'Bizarre' new SATA bug in MacBook Pro Core i7 series?

'Bizarre' new SATA bug in MacBook Pro Core i7 series?

Summary: Following on the heels of last week's shootout of 8-core and 4-core Mac Pros, Lloyd Chambers’ Mac Performance Guide for Digital Photographers & Performance Addicts site on Friday released a review of the new MacBook Pro model running an Intel Core i7 processor. The article also compares the performance with a striped pair of solid state drives vs. a hard disk RAID set. In addition, Chambers reports that the updated MBP fixes a number of SATA performance issues but may have introduced another

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Following on the heels of last week's shootout of 8-core and 4-core Mac Pros, Lloyd Chambers’ Mac Performance Guide for Digital Photographers & Performance Addicts site on Friday released a review of the new MacBook Pro  model running an Intel Core i7 processor. The article also compares the performance with a striped pair of solid state drives vs. a hard disk RAID set. In addition, Chambers reports that the updated MBP fixes a number of SATA performance issues but may have introduced another. The review is aimed at professional photographers and graphic designers. According to Chambers, the tests showed performance gains on common photo editing tasks between 15 to 30 percent. Of course, the mobile platform can't provide the speed of a Mac Pro workstation.
While a nicely outfitted Mac Pro is your best bet, a Mac Pro can’t be carried with you, so any gains in the laptop area are a big plus for those who often work “in the field” or want or can afford only a single computer.

In addition, he suggested for best performance users should max out memory and use a high-quality solid state drive. On the storage performance front, Chambers said the new 2010 MBP was up to 56 percent faster on write performance than the 2009 model. He said its performance was more consistent.
It’s not that the 2009 model is slow — it’s still very fast, but the write speed is substantially impaired, and tends to be more variable as compared to the 2010 MBP. The 2009 also has erratic performance, which shows up here as a faster mirror write than with a single drive. Graphing an entire fill-volume shows the behavior clearly. By comparison, the 2010 model is very consistent. Even more impressive is that striped or mirrored reads are both over 500MB/sec, a performance simply unattainable until now, and formerly the exclusive realm of the Mac Pro. With this setup (MPG Pro Laptop), disk I/O speed ceases to be an issue with large data sets.
Yet, the new MBP also revealed a new performance hit when booting from the internal SSD RAID without having an external FireWire 800 connected and powered up. During his testing, Chambers had booted the machines off of a FireWire 800 external drive. But when it was removed and tested with the internal storage, it was 33 percent slower for reads and 17 percent slower for writes. He said the bug was "bizarre" and offered a workaround:
The workaround is to get a Firewire 800 card reader (which most photographers need anyway), and leave it plugged in. Alternately, a drive like the Mercury Elite AL-Pro Mini will do the same neat trick.
Chambers didn't appear to have tested his machine with an internal hard disk to see if this is an SSD artifact rather than a SATA controller issue. Check out the full review.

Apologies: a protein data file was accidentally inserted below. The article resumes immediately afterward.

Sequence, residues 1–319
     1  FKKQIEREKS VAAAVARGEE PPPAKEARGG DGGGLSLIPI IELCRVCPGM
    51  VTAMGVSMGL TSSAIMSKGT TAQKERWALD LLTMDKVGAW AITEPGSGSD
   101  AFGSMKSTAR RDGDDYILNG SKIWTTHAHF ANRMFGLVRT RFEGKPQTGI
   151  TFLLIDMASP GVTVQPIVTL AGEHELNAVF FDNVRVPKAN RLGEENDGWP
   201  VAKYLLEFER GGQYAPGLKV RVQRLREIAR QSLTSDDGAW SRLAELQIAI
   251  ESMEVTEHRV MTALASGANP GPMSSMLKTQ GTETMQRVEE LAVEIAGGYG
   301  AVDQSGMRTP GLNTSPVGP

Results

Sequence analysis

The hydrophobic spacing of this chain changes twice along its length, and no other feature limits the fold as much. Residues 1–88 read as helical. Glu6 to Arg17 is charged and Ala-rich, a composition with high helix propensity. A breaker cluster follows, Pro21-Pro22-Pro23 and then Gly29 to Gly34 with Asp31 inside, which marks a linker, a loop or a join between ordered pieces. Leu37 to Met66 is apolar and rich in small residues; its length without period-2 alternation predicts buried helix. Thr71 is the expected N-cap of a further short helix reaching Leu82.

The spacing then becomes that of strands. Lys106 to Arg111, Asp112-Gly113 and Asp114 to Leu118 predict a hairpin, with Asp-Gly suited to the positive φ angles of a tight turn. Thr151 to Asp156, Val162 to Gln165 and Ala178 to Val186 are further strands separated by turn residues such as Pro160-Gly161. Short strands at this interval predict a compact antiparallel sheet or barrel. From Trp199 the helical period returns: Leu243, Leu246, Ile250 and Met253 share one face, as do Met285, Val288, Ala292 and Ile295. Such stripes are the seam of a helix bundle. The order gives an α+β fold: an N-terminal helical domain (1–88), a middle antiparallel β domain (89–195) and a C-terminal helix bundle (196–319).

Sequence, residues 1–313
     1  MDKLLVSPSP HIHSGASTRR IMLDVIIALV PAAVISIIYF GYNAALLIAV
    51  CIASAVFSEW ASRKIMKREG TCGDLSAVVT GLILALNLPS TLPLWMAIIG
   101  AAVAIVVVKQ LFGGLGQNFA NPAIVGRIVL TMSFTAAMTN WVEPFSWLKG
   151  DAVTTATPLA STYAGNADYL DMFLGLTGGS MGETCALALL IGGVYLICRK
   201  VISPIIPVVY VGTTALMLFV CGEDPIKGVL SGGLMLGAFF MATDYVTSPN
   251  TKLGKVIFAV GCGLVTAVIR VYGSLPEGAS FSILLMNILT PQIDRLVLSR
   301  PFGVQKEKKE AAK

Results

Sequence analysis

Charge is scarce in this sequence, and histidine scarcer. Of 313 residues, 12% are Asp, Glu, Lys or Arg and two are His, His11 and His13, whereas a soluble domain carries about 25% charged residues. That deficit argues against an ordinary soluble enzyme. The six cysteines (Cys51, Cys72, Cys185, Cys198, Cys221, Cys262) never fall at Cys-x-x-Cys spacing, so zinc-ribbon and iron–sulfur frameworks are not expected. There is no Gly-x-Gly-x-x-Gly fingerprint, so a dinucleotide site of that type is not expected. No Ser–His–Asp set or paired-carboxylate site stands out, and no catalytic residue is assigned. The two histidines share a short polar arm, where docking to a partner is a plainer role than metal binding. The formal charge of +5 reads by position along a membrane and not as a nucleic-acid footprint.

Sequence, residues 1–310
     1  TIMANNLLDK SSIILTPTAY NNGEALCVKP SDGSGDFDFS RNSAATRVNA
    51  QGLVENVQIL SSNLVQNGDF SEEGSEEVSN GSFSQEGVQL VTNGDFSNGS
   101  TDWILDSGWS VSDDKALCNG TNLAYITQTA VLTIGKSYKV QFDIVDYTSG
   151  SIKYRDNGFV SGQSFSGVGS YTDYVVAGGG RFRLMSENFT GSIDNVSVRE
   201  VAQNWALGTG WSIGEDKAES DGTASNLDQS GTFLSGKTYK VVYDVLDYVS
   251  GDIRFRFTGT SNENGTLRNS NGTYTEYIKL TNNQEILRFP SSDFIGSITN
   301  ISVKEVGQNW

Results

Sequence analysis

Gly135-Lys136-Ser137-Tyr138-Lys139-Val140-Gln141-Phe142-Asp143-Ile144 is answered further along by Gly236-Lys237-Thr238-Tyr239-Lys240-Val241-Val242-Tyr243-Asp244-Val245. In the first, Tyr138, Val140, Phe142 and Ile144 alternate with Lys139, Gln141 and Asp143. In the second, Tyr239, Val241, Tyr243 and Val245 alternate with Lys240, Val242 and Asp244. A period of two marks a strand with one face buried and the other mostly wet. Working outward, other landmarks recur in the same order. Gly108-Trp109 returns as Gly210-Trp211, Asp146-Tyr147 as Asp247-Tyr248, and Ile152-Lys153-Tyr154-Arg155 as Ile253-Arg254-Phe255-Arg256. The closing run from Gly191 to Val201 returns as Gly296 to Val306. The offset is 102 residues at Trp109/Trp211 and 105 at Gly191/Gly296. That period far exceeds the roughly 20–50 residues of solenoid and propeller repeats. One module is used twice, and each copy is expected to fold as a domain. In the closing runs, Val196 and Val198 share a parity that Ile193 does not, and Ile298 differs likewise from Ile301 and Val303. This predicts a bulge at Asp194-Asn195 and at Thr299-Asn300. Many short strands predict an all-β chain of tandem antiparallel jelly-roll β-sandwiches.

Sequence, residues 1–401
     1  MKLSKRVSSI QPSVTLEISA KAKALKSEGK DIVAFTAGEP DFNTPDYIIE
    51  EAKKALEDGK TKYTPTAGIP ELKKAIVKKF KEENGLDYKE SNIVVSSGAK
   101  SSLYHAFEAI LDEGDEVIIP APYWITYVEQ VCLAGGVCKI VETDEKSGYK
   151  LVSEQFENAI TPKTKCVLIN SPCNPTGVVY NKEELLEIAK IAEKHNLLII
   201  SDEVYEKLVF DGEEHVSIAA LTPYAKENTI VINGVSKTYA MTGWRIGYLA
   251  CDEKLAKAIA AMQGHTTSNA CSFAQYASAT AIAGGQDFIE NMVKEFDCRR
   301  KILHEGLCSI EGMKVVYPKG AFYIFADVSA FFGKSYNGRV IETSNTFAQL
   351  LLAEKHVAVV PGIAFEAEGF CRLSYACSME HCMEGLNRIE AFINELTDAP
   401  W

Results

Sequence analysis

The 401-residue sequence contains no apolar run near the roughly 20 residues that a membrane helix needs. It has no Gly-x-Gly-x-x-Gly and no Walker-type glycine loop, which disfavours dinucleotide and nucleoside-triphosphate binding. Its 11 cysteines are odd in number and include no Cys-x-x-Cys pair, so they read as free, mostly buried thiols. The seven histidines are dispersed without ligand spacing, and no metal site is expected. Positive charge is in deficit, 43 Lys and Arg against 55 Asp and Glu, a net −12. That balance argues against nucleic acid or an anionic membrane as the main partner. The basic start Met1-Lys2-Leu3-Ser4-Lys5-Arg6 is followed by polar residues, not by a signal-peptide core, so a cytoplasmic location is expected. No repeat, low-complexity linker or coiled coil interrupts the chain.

Topics: CXO, Apple, Hardware, IT Employment

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3 comments
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  • Are you sure this is a bug?

    Apple products don't have bugs, they "Just Work". Therefore, this must be a feature: Slower hard drives give creative types more time to come up with great ideas. Therefore, people can be more productive with slower Apple products than they can with those speedy PCs.
    NonZealot
    • RE: 'Bizarre' new SATA bug in MacBook Pro Core i7 series?

      @NonZealot
      Anything you can say to make Apple look bad. A pity.

      There could be any number of causes for this issue, starting with the fact that the tester ran all his tests with the external drives first, making the system expect and look for the external drives once he started working internally. What if he'd started with the internal, then went external--would the performance show an equivalent increase? Would the original timing still have been as slow?

      Here's one thing I've seen about using multiple drives on any platform:
      When reading and writing to a single internal drive, or a pair of drives on the same bus, transfer is slowed because you have to first read from one drive, switch drives, then write to the other. The 'bug' described almost sounds like this is what it's doing. On the other hand, if one drive is on one bus and the other on a second, then you can effectively read from one and write to the other simultaneously. By connecting a Firewire 800 reader (or drive), you apparently activate the second bus, which then speeds the Raid process of the SSDs.

      My guess is that the bug is in the driver software, since very few (at the moment) notebooks have multiple SSDs aboard, subsequently revealing a driver error that has never occurred before. If so, then I expect a fairly speedy fix once Apple becomes aware of the issue.
      Vulpinemac
  • RE: 'Bizarre' new SATA bug in MacBook Pro Core i7 series?

    This test was done with only one method as Vulpine has stated. I would test this on same internal SDD on a another MacBookPro and using another SDD in this MacBookPro. Doing a good matrix test with various configurations will prove this issue exist or not.
    phatkat